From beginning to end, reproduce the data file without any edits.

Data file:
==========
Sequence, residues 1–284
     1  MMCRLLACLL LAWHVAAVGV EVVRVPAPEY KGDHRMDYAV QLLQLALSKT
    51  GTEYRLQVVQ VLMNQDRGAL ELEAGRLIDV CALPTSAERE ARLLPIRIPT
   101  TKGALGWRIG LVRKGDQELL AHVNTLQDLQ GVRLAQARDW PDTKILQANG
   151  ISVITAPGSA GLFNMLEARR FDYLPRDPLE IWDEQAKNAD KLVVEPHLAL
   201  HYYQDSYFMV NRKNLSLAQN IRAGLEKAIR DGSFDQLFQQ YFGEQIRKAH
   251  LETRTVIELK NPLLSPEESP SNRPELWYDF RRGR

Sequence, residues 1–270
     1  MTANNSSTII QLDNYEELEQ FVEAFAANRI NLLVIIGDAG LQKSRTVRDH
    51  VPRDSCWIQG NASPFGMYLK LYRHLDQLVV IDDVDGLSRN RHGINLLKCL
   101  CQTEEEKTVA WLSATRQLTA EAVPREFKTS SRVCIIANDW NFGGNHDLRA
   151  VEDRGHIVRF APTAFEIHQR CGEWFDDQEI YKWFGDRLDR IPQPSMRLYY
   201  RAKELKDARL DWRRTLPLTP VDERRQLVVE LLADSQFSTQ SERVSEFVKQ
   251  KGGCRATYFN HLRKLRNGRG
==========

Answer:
Sequence, residues 1–284
     1  MMCRLLACLL LAWHVAAVGV EVVRVPAPEY KGDHRMDYAV QLLQLALSKT
    51  GTEYRLQVVQ VLMNQDRGAL ELEAGRLIDV CALPTSAERE ARLLPIRIPT
   101  TKGALGWRIG LVRKGDQELL AHVNTLQDLQ GVRLAQARDW PDTKILQANG
   151  ISVITAPGSA GLFNMLEARR FDYLPRDPLE IWDEQAKNAD KLVVEPHLAL
   201  HYYQDSYFMV NRKNLSLAQN IRAGLEKAIR DGSFDQLFQQ YFGEQIRKAH
   251  LETRTVIELK NPLLSPEESP SNRPELWYDF RRGR

Sequence, residues 1–270
     1  MTANNSSTII QLDNYEELEQ FVEAFAANRI NLLVIIGDAG LQKSRTVRDH
    51  VPRDSCWIQG NASPFGMYLK LYRHLDQLVV IDDVDGLSRN RHGINLLKCL
   101  CQTEEEKTVA WLSATRQLTA EAVPREFKTS SRVCIIANDW NFGGNHDLRA
   151  VEDRGHIVRF APTAFEIHQR CGEWFDDQEI YKWFGDRLDR IPQPSMRLYY
   201  RAKELKDARL DWRRTLPLTP VDERRQLVVE LLADSQFSTQ SERVSEFVKQ
   251  KGGCRATYFN HLRKLRNGRG